Aspect 3: The effect desertification has on soils. Desertification is defined as the spread of desert conditions into areas which have not previously experienced such conditions. An example of this is the expansion of the Sahel desert, which moves south at an approximate speed of 10 kilometres per
The desertification results in unproductive farmland which increases the pressure to produce food even more. Desertification and climate change in drier areas causes severe water shortages and even droughts. Western culture has created an increase in urbanisation, population and industrialisation,
Thus, when forests are removed, it is less likely to rain. There will also be lesser trees to facilitate more water to infiltrate the ground and funnel water into underground aquifers where it is stored to supply during droughts. Hence, deforestation has resulted in flash flood during heavy rainfall, and without the roots holding the soil, it will eventually lead to soil erosion. Furthermore, the soil will be washed away into rivers when there is heavy rainfall, causing river carrying capacity to be reduced and thus, increasing the risk of floods. Both droughts and floods carry severe consequences as eroding topsoil, flooding rice fields and filling in irrigation canals will constrain food production.
Often, desertification is the result of a number of causes or is provoked by one cause and intensified by others (Darkoh, 1996). Concrete analysis of an environmental situation and of the factors involved will make it possible to find national and international means to prevent and control desertification and ways of restoring the biological potential of the area. Both desertification prevention and control often require a combination of social, economic and technologically coordinated activities, constituting an overall plan of social and economic development for a particular territory. 1.4 Need to Control Desertification Desertification causes great human misery, starvation or malnutrition. Its symptoms are as follows (Sheridan, 1981): i) Degradation of native vegetation due to natural or manmade actions.
The root cause of desertification is poor soil conservation leading to soil degradation. Unsustainable farming methods also contribute to soil degradation. Overuse of chemical fertilizers, failure to employ crop rotation and irresponsible irrigation practices rob the soil of the last of its nutrients. When topsoil is depleted of humus, it 's either too loose or too compacted, both of which can lead to destructive erosion. In a White Paper by the United Nations Convention to Combat Desertification it is pointed out that the economic impact to land degradation have ranged from “2% of Gross Domestic Product in India to 0.04% of GDP in the USA.” Social impacts are determined by the number of people living in the affected areas and their economic status.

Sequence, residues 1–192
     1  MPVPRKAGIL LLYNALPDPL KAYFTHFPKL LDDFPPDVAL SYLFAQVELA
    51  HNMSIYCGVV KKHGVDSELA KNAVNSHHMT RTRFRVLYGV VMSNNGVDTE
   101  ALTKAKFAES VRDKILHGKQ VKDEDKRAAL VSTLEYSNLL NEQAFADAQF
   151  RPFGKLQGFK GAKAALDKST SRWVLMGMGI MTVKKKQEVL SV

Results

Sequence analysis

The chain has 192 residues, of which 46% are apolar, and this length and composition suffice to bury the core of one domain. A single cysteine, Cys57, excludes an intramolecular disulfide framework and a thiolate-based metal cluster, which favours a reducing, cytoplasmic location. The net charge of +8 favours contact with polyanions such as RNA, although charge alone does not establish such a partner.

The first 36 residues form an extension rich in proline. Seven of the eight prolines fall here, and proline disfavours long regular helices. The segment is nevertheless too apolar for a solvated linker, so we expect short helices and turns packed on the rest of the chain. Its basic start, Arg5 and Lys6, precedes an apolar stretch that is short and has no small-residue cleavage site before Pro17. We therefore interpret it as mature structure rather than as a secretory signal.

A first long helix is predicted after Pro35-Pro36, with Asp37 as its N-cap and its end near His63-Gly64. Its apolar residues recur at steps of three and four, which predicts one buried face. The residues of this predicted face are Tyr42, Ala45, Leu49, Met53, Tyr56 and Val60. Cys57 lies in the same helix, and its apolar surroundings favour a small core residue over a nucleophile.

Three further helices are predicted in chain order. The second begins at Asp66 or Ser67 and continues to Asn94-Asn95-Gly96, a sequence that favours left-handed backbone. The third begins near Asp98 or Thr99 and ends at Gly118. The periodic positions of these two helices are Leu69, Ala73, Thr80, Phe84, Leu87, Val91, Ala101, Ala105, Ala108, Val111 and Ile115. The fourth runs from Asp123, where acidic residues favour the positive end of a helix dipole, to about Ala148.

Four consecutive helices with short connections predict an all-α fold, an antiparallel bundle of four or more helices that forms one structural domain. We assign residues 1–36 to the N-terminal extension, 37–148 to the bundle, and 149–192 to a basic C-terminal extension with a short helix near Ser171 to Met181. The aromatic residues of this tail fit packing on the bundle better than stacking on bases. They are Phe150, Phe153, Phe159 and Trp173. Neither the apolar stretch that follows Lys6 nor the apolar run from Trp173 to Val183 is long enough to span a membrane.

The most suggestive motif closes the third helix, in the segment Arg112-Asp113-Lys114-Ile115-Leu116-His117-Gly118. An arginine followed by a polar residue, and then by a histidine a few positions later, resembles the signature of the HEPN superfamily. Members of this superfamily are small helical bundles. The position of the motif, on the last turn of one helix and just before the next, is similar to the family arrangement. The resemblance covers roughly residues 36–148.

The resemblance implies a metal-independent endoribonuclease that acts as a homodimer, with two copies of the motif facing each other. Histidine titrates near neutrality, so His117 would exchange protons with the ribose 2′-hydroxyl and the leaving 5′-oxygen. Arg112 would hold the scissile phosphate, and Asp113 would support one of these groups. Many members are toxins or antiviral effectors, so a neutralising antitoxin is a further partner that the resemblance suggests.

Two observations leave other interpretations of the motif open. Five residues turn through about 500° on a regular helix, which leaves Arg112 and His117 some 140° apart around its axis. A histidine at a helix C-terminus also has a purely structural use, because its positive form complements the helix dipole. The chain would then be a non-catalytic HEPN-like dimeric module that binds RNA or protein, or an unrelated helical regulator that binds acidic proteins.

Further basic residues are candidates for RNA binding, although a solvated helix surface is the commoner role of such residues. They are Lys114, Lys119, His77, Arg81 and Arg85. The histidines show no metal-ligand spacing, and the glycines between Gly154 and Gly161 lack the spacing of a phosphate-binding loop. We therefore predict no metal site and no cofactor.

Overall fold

Part of the problem with ocean acidification is human activity. Ever since the industrial revolution commenced, around one third of the carbon dioxide released by human interference has been absorbed by the ocean, which is one of the reasons of the drastic change in climate as well. Without the ocean absorbing carbon dioxide, the carbon dioxide n the atmosphere would be drastically higher, with possibly increasing the levels of climate change.The point of the research is to see how will the pH affect the organisms in the marine ecosystem and does carbonation affect an organism’s mass and form. Many organisms that are part of the marine food chain are going to be affected by ocean acidification due the levels of acidity deteriorating the calcium carbonate within the animal. It turns out
Increasing population, intense land cultivation, uncontrolled grazing, and deforestation often lead to, or exacerbate, soil erosion (Tadesse, 2001; Bewket, 2002). These factors undermine agricultural productivity and frustrate economic development efforts, especially in developing countries where there is heavy land dependence (Shiferaw & Holden, 2000; Feoli et al., 2013) in low external-input farming systems (e.g., the Ethiopian
Landslides may cause the loss of lives and properties. Deforestation causes the soil to lose its stability. Decreasing of trees causes there is lack of tree leaves to protect the soil from the collision of raindrops and also causes the lack of tree roots to hold the soil. Thus, the soil is exposed directly to the raindrop. The top layer of soil is easily washed away by the heavy rainfall.
Dynesius and Nilsson 1994) will include the alteration of vegetation that causes downstream habitat effects such as enlargement of floodplains, wetlands and riparian zones. It also causes the collapse of river to ocean estuaries as well as the collapse of river deltas (e.g. Rosenberg et al. 1997), that leads to the water mass loss in rivers, causing a decrease in the quality of the remaining water due to dilution issues of pollution. (NRC 1992, Gillilan and Brown 1997).
Such practices have a negative effect on proper management of natural forest resources and ultimately the land is easily degraded (Asefa 1994). These factors adversely affected natural resources; particularly native forests Deforestation continues to cause environmental degradation in the form of land and water resources degradation as well as loss of native tree species. 2.4 Major Cause of Deforestation Deforestation is caused by what human beings do to the forests and can be accentuated by drought. Generally deforestation occurs when people clear forest for their personal need such as, for fuel, hunting, when they need the land to grow and harvest crops, for building houses, and at times because of religion beliefs (Sucoff, 2003).